it's not like we're talking about a guy who's never had issues with pitch selection and seeing the ball over here. we're talking about a guy who has some rather legendary swing-and-misses at breaking stuff who's been exploited low. going forward it's worth paying attention to seeing if he can be exploited inside, too. he seriously bailed out of the box on a called strike. sure it was a good curve, but he obviously didn't see that well at all.
It would seem like he is figuring it out now and it's really coming together. Really happy for him. Joe was really protecting him from the 3rd time through the order, but as you allude to, he is earning trust to go deeper.
Wondering if has potential to become a #3 pitcher? His current stats certainly support it.
That doesn't count b/c CRUNCH didn't see it on his 60" HDTV 5 times in replay.
I have seen many players "bail out" when the ball looked like it was gonna hit them.
Especially with the advent of the splitter and pitchers that can really get the ball to dance. Marmol, Sutter, Pedro Martinez, Curt Schilling, Derek Lowe, Smoltz, Arrietta...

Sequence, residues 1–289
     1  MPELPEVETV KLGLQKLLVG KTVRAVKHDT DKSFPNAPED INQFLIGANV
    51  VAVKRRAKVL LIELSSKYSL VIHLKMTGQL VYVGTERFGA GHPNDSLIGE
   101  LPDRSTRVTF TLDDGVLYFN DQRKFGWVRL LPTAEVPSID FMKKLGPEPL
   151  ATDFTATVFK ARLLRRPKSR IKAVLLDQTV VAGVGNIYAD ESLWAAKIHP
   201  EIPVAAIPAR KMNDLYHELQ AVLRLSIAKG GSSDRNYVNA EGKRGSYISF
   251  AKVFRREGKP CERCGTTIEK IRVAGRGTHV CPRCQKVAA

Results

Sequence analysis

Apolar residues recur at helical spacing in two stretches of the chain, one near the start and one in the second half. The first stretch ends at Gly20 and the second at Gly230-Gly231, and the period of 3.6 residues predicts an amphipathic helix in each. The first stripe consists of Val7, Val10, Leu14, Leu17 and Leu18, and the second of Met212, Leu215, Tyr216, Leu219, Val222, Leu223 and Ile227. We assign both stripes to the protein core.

These guys have made the best bail out only for the ball to come over the plate and be called a strike.
No shame in that. The same way players whiff hard enough to cause them to drill a hole in the ground from spinning.
a 60" TV with slow-motion replay and multiple looks on that replay helps...a lot...
it's one thing to shy away like he did the 2nd time, it's another to bail out of the box on a called strike. that happened in the 1st one he pulled away from. he misjudged that one by a foot or so...
Good Hendricks sure is fun to watch. He was hitting all his corners today and the Phillies couldn't do anything with his changeup.
Bryant and I believe Zobrist both did that too.
Soler BB acumen and plate awareness is excellent. Not unusual for even the best players to react as if they were about to hit them, "even though they weren't that close" from your vantage point sitting on your deck, or wherever.
soler vs inside breaking balls is scary.
he's had 2 inside curve balls today where he reacted as if they were about to hit him even though they weren't that close...one he bailed out of the box on, it was a called strike.
j.urias optioned back to AAA...guess we wont be seeing him in the LAD series.
so is him actually getting 2 hits in a game (2 doubles!)...first time he's even been on base 2 times in a game since 9 games ago on his 3/4, 1bb day.
im ready for him to at least look like a 2-slot hitter since he's gonna be slotted there no matter what he does.
That Heyward move to avoid Bryant's ball hit at him was a thing of beauty too.
9 pitches in and this game already rules.
HR, double...bryant's turn (who came out to a Kris Kross song for some horrible, horrible reason).
...2 run inning...zoobrest hitting streak at 14.